14. Vanel, J. M., Peyret, R. and Bontoux, P., A pseudospectral olution of vorticity-stream function equations using the influence matrix technique, Numerical Methods for Fluid Dynamics II, K. W. Morton and M. J. Baines, Eds., 463-475, Clarendom Press, Oxford, 1986.


Hossein Khorasanizadeh*, Eddie Leonardi* & John Reizes**
* School of Mechanical and Manufacturing Engineering, The University of New South Wales, Sydney, Australia 2052
** School of Mechanical Engineering, University of Technology, Sydney, 2007, Australia


In addition to having many practical thermal engineering applications such as thermal comfort, solidification processes and crystal growth, solar energy collectors, electronic equipment cooling and earth mantle convection, Rayleigh-Benard convection represents the simplest fluid system which exhibits a sequence of transitions from two-dimensional laminar to more complicated three-dimensional and finally turbulent convection. It has been shown experimentally (White1) and theoretically (Busse & Frick2 and Christensen & Harder3) that square convective patterns become stable when there is variation of viscosity.

The term "square" has been used originally for three-dimensional convective patterns with similar wavelengths in the two horizontal directions, even though this is not the general feature of the squares since they can exist with different horizontal wavelengths. In this paper stability of squares in both infinite and bounded domains are discussed.

A cavity with symmetry imposed on its lateral walls and a bounded cavity with horizontal aspect ratios of 9 x 3 (90 mm by 30 mm, see Figure 1 ) have been considered. The width of the Perspex lateral walls is 10 mm and the top and bottom walls are 2 mm thick glass. Experiments have been performed in the same cavity with Glycerol-Water mixtures. In order to investigate the effects of conduction through lateral walls, in the numerical study these walls have been considered to be (i) adiabatic and (ii) conducting.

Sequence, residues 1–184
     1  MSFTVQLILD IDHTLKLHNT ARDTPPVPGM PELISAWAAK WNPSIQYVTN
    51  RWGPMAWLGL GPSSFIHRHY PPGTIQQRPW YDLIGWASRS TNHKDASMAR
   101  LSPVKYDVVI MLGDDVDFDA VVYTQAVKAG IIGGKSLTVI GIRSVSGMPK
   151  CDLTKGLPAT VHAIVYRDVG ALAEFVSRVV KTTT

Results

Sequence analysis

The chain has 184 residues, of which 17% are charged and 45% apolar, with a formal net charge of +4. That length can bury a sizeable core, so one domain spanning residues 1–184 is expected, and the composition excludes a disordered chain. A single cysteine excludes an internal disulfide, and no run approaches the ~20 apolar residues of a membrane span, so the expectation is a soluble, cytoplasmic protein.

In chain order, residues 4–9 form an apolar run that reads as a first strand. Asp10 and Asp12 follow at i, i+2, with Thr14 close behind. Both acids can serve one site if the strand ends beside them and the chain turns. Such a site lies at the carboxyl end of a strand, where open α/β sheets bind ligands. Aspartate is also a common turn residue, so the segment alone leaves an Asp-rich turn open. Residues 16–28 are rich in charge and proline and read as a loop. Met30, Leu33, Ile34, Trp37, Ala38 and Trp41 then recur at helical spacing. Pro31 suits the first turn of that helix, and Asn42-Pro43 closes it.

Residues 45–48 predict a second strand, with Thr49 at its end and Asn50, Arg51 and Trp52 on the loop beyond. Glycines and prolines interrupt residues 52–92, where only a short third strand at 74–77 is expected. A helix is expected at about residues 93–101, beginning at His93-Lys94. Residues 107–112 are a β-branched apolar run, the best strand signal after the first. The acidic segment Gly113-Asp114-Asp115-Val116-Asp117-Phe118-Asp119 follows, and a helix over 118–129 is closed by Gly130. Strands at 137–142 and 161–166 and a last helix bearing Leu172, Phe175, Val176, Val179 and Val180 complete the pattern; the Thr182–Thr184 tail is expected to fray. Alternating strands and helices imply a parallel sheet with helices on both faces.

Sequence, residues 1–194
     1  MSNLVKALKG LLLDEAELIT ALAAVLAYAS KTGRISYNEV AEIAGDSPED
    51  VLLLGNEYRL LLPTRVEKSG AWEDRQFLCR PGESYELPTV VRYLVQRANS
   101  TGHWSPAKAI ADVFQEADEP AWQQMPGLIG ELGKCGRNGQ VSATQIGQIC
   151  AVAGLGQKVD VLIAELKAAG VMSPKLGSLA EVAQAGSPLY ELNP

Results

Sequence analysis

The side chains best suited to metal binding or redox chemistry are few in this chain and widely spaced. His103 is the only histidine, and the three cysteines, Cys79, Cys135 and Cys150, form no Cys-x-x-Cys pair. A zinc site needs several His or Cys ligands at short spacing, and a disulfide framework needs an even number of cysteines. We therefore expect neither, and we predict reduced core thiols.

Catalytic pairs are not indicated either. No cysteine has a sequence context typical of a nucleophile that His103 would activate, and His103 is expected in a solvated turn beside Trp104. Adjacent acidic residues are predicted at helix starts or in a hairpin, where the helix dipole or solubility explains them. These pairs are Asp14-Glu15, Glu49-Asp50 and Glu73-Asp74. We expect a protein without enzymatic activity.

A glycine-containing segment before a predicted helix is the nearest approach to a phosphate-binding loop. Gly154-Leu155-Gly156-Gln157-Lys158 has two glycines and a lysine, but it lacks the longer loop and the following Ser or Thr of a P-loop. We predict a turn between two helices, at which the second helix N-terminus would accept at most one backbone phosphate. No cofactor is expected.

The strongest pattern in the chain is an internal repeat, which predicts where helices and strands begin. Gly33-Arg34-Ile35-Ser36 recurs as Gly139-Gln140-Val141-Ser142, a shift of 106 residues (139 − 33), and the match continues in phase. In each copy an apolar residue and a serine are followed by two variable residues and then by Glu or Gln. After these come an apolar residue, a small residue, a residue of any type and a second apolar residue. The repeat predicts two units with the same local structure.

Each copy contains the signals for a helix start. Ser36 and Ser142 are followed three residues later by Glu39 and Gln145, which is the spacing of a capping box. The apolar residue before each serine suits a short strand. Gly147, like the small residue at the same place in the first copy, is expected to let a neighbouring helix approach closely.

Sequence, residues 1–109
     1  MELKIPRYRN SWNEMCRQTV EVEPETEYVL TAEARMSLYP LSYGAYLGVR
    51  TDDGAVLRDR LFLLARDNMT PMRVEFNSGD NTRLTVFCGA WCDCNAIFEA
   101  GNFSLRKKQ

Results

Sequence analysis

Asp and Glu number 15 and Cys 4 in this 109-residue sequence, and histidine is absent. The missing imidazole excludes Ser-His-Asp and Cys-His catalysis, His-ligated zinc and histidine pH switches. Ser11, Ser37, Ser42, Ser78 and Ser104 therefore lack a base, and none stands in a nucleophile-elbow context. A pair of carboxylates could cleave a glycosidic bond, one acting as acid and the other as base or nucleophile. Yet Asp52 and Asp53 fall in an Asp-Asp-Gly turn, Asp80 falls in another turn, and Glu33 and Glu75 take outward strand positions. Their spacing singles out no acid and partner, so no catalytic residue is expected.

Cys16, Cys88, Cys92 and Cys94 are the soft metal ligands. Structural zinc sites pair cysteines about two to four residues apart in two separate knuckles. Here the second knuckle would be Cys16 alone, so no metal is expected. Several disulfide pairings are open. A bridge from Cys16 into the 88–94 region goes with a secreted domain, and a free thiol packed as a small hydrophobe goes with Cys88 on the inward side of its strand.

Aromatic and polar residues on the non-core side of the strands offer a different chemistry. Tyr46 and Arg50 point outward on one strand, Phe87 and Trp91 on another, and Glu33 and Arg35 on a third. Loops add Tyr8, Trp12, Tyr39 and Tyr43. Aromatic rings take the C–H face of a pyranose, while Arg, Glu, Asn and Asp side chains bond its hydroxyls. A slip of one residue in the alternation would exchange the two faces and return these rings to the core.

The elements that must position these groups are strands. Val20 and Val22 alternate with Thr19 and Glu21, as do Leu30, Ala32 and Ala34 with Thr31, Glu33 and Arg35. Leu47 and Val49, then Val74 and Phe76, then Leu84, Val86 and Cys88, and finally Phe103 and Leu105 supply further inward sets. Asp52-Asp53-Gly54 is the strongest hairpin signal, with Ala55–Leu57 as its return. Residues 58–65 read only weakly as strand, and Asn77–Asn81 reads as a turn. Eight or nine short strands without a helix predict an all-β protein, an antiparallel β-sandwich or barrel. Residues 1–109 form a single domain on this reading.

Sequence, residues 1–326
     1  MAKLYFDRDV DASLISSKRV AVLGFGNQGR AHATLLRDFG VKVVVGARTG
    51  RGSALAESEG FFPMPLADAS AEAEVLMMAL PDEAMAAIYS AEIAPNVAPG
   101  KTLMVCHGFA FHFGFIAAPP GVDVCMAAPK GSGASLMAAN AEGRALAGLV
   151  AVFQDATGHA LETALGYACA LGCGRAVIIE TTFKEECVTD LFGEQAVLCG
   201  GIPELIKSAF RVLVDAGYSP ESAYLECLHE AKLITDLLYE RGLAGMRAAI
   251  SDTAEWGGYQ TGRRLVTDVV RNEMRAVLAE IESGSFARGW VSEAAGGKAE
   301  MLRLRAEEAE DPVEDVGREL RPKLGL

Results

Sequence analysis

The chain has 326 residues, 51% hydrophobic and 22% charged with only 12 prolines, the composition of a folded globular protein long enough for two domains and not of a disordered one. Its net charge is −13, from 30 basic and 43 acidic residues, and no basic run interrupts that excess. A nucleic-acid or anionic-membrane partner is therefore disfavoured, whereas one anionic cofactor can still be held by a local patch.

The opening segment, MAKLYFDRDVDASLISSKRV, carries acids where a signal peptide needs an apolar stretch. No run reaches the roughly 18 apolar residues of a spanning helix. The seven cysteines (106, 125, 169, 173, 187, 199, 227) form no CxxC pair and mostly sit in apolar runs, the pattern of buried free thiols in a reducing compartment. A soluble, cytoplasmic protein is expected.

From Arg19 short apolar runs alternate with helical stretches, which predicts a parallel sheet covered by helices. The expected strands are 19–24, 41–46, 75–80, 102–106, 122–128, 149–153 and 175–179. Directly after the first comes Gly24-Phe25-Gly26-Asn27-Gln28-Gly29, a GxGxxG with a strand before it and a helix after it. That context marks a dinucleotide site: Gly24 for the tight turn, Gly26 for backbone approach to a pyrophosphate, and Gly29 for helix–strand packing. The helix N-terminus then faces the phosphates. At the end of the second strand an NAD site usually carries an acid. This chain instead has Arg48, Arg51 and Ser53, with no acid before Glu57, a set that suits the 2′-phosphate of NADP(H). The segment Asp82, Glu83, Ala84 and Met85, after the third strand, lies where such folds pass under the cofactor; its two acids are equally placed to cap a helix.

The equations of motion of fluid and energy equations have been recast into a vorticity-vector potential formulation and then solved using a false transient method. A uniform mesh size of 0.0714 is used in all the three directions in the fluid part. This yields a mesh of 127x15x43 for the geometry shown in Figure 1. A similar mesh size in the solid lateral walls results in 15 mesh points and a mesh size of 0.0666 used in the top and bottom walls yields 4 mesh points. Detail of the governing equations, boundary and interface conditions, solution procedure, code validation and mesh refinement are given in Khorasanizadeh4. Numerical solutions are presented for Rayleigh numbers above the onset of convection up to the limit of time-dependence and viscosity ratios between 1 and 50. The results are a small part of a detail numerical and experimental study of Rayleigh-Benard convection in infinite and bounded domains.

The numerical results are presented in terms of: a Rayleigh number, Raavt, which is based on a thermally averaged viscosity, , viscosity ratio, , and a deviation ratio, .

Different from the structure of the rolls and bimodal patterns, the main feature of square patterns is that the central ascending region in each square is entirely surrounded by the descending region. For fluids with a viscosity that decreases with increasing temperature, the flow rises at the centre of each square and descends close to its edges (White1 and Christensen & Harder3). The circular rising and the surrounding descending regions of the squares are indicated in Figure 2 which shows the isovels of the vertical velocity, v, on a horizontal plane at y = 0.43 in a solution which employed Glycerol-Water mixture with 80% Glycerol and for Raavt = 2250. The wavenumber of the squares shown in Figure 2, according to the definition ( , is the non-dimensional width of a complete square), is almost 2.8.